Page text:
A journey across the Googleverse

I am a huge fan of Google Apps for Education after many years as a staunch Microsoft Office user. No, it doesn’t mean I have left the Microsoft offerings behind completely

Image of a globe with Google App icons

Join me on a trip through the Googleverse. Image: CC Attribution-ShareAlike 3.0 Unported, Valentyna Sagan

but I am finding more and more I am looking to Google Drive solutions first.

Google Apps makes technology so much more accessible by doing away with the need for software licenses and heavy duty hardware. It also makes available powerful collaboration tools and makes sharing so easy. My perspective is education, particularly adult and secondary, but many of the ideas can be embraced in other environments, too.

Google Apps can help facilitate both differentiation and efficiency. Sure, there are limitations but Google are constantly evolving the platform. I’ll be honest, there are still times I turn to Microsoft PowerPoint in particular  but I am constantly surprised at how much can be accomplished within the Googleverse.

Here I hope to bring together practical tips and ideas, both my own and from others, to help you along with your Google Apps journey.

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Data, charts and Sheets, oh my!

Google Charts video tutorial

Scroll down for video tutorial

Information and communications technology (ICT) skills are these days found across curriculum areas in education throughout the world. Much of the focus is on literacy based applications such as documents, presentations, etc. This is partly because these applications  tend to be much easier for educators and students to learn how to use.

The representation of numeric data using technology is sometimes overlooked in the classroom. There are many subject areas in K-12 education that benefit from the use of technology to represent data including:

  • mathematics
  • science
  • social studies
  • geography
  • design and technology
  • business, economics and commerce

Charts and graphs can be a powerful tool to visually represent numerical information.  For some educators and students, the idea of working with data is intimidating. The good news is, it doesn’t have to be.

Tools like Google Sheets, part of the Google Apps for Education and Google Drive suite of products, make it easy to create attractive, easy to read charts and graphs from your data.

The video tutorial below shows how quick and easy it is to create a chart in Google Sheets. The topic area is a social science subject, geography, and representing contributions to population changes across Australian States. And it all happens in just under 4 minutes:

Note:

At the time of writing, you will need to use the full, Chrome browser based version of Google Sheets in order to insert and edit charts. You can view them on the portable version of Google Sheets but you cannot insert or edit charts in these versions.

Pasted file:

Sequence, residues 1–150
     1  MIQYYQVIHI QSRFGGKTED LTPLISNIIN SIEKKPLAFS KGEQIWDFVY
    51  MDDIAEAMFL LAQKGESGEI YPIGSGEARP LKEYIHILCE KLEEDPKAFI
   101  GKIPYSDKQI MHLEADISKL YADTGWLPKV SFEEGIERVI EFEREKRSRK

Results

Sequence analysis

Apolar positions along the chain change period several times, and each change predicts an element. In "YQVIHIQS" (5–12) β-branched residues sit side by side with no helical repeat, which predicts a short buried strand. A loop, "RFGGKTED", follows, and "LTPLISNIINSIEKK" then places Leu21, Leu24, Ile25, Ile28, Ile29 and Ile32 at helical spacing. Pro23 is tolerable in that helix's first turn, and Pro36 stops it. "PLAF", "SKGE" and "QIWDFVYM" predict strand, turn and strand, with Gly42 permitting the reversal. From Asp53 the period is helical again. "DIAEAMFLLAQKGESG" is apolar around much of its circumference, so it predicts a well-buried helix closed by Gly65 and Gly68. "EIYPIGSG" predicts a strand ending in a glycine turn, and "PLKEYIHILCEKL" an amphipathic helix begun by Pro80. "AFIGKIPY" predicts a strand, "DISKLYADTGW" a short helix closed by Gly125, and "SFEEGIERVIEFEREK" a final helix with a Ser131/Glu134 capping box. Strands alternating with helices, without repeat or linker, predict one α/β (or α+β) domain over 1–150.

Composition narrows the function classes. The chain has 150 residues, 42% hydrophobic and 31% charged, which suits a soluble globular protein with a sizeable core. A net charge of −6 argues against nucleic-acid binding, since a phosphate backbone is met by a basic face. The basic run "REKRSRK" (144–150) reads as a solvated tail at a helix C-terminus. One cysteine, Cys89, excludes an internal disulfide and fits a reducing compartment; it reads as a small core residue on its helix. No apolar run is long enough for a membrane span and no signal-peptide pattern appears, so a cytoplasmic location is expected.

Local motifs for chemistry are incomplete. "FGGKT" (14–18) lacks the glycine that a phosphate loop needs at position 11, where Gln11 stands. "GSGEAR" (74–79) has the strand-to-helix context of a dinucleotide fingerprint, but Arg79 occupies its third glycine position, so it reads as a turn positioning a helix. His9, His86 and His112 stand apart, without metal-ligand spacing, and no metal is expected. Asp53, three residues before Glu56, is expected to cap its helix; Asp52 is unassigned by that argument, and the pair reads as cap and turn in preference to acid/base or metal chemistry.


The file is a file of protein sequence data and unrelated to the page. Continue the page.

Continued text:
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Google Apps for Education and Universal Design for Learning

I recently had the opportunity to attend an excellent workshop presented by Leanne Woodley from AIS NSW on Universal GAfE and UDL: supporting inclusionDesign for Learning (UDL). UDL has inspired me to look at inclusion in a different way. It is a step beyond differentiation as it may be typically implemented which I discussed in the context of Google Classroom in a previous post.  Within the UDL framework learning is designed to be inclusive rather than making adjustments as an after thought.

According to National Centre on Universal Design for Learning:

Universal Design for Learning is a set of principles for curriculum development that give all individuals equal opportunities to learn.

http://www.udlcenter.org/aboutudl

Here is a short video giving an overview of UDL:

So where does Google Apps for Education fit in to all this? UDL does not require technology to be implemented. However, technology can be a very powerful tool. It embeds digital literacy into learning which is a relevant 21st century skill, with relevance being part of the UDL guidelines. For some students, it also allows them to use skills and technologies they are already comfortable with. Building on existing student knowledge is also within the UDL guidelines.

I am looking forward to implementing UDL within my classes. In the meantime, I have put together a table of three GAfE tools and how they may work to support UDL. I plan to add to this as my experience with UDL grows.

UDL & Google Apps for Education

Google Apps toolMultiple means of engagementMultiple means of representationMultiple means of action and expression
Google DriveEncourage students to collaborate on projects created in Google Drive.